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I have read that a looking glass is a surface with sufficient reflection to form an image of an object... doesn't that sound like a mirror?

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looking glass, mirror. These are the respective definitions for the words in question. Please read them and edit your question to further explain any misunderstanding you have. –  Matt Эллен Apr 26 '13 at 7:56
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closed as general reference by MετάEd, Matt Эллен, aedia λ, Kristina Lopez, tchrist Apr 27 '13 at 8:28

This question is too basic; it can be definitively and permanently answered by a single link to a standard internet reference source designed specifically to find that type of information.If this question can be reworded to fit the rules in the help center, please edit the question.

5 Answers

There is no difference. "Looking glass" is a poetic and archaic way to refer to a mirror.

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Looking glass was considered the 'proper' word to use when referring to what we now would all call a mirror. The word mirror was considered vulgar and middle-class by the upper classes. Some upper class people will still say looking glass instead of mirror. The word glass on its own also often refers to mirrors rather than glass. Hence pier glass, or 'go and look in the glass'.

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+1: Here is some corroboration for your answer. This page indeed says that looking glass was considered the 'proper' word (although only in the U.K.). –  Peter Shor Apr 24 '13 at 15:25
    
I would also like to further note that "looking glass" is far more common in the UK (and specifically England), as I have not heard anyone use the term in the US regardless of region or class (though I do not generally break bread with the upper crust, so perhaps it is not unheard of). I think if not for Lewis Carroll far fewer Americans would even have ever heard the term. +1 to you both. –  BrianDHall Apr 24 '13 at 17:12
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The difference between looking glass and mirror is that looking glass, when used as adjective, means being or involving the opposite of what is normal or expected (a looking-glass land, looking-glass logic); mirror can also be figuratively used to mean something regarded as accurately representing something else (the stage is supposed to be the mirror of life).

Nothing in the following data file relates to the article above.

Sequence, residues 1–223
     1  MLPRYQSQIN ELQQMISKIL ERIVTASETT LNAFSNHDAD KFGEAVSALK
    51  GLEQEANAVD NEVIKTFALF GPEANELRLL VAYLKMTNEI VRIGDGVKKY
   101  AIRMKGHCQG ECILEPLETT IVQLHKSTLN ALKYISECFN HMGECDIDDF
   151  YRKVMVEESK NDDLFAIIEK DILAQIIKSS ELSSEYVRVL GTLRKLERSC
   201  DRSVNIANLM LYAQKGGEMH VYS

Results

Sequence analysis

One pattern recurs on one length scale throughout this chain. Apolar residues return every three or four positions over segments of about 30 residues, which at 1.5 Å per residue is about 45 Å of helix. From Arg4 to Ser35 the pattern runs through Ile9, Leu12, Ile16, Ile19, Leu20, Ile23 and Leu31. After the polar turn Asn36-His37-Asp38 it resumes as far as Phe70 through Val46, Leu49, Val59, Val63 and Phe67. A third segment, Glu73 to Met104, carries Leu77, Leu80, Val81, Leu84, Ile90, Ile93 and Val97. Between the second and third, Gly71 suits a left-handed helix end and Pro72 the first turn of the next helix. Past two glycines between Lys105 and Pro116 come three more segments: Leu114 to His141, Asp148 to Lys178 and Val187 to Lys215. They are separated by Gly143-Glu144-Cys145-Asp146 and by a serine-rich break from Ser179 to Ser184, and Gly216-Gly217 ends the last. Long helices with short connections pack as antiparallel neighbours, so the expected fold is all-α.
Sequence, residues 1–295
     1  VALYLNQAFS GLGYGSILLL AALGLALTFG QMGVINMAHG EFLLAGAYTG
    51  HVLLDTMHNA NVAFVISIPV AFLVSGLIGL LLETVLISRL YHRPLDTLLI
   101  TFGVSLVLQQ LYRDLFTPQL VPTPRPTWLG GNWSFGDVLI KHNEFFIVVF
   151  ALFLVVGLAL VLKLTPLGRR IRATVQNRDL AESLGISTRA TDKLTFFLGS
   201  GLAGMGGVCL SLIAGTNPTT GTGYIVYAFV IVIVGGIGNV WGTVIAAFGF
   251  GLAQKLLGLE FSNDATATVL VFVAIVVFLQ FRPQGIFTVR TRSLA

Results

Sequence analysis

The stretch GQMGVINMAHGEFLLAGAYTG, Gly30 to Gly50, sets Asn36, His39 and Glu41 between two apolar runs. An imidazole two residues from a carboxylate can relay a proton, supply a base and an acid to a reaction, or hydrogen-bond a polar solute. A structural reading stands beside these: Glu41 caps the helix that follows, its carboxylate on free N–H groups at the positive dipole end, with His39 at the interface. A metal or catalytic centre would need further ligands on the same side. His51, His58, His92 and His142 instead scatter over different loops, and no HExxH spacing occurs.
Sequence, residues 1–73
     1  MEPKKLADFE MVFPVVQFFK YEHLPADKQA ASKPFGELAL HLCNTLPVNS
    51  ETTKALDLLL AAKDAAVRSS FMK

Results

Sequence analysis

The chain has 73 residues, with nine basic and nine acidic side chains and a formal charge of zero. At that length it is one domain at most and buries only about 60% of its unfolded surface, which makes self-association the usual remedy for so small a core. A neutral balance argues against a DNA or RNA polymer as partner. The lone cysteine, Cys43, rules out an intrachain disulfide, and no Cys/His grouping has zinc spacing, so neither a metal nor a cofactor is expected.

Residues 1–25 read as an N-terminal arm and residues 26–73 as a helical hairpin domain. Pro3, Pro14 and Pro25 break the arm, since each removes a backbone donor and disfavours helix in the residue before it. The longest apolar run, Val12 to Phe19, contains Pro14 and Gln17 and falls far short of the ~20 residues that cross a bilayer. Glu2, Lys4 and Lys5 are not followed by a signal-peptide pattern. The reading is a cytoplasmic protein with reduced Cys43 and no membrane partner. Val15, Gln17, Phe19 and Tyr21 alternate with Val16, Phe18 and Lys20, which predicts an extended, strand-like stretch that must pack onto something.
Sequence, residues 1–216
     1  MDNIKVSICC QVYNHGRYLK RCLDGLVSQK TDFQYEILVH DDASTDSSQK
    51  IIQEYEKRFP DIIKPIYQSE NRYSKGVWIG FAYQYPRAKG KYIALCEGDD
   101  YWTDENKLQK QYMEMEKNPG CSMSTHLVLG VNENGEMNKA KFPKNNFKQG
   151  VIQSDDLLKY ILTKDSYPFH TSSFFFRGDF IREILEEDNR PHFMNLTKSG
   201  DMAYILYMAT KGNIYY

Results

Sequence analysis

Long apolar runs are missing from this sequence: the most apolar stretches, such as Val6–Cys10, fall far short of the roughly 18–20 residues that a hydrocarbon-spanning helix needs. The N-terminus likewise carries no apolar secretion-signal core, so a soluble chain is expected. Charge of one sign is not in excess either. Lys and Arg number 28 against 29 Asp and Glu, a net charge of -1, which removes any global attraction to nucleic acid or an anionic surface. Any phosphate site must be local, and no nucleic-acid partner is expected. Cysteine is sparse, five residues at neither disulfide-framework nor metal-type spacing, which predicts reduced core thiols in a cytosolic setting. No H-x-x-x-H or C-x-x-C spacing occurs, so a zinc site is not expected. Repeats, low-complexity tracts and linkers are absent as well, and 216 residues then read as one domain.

[Reference: the New Oxford American Dictionary.]

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I don't know if I've ever encountered looking glass as an adjective. –  Marthaª Feb 18 '11 at 0:21
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I have, but it has always been an allusion to the world Lewis Carol created, where things are different ways than just being reversed left-to-right. It's not unlike telling folks that they are no longer in Kansas. –  bye Feb 18 '11 at 13:25
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When Perseus slays Medusa, he does so without looking directly at her, by using his shield as a mirror. This sense of mirror is reflected (so to speak) in the first definition of the term in Merriam-Webster's Eleventh Collegiate Dictionary (2003):

mirror 1: a polished or smooth surface (as of glass) that forms images for reflection

But would it be correct to say that Perseus used his shield as a looking glass? The underlying question here is, How literally should we take the component "glass" in the term looking glass? If looking glasses must be made, in part, of glass, then a metal shield can't be a looking glass, though it can be a mirror.

The Eleventh Collegiate Dictionary isn't especially helpful on this point, as it defines looking glass simply as "MIRROR." Earlier dictionaries, however, don't treat the two terms as identical.

One of the clearest treatments of the differences between mirror and looking-glass appears in Merriam-Webster's [First] International Dictionary of the English Language (1890), which provides distinct definitions for three related terms:

Looking-glass A mirror made of glass on which has been placed a backing of some reflecting substance, as quicksilver.

Mirror A looking-glass or a speculum; any glass or polished substance that forms images by the reflection of rays of light.

Speculum 1. A mirror, or looking-glass; especially a metal mirror, as in Greek and Roman archaeology. 2. A reflector of polished metal, especially one used reflecting telescopes.

From these definitions, it appears that (late in the nineteenth century, anyway) Perseus's shield would have qualified as both a mirror and a speculum, but not as a looking-glass.

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A looking glass is indeed a mirror. As @JSBangs alluded to, it is only largely used in literary contexts. Two notable examples (book titles) are:

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The page you link to mentions a difference in attributive use. –  msh210 Feb 18 '11 at 0:11
    
@msh210: Yes I know, but the asker specifically refers to the noun case. –  Jimi Oke Feb 18 '11 at 0:36
    
So, the obvious difference is that you can't go into or through a mirror :) –  Benjol Feb 18 '11 at 8:25
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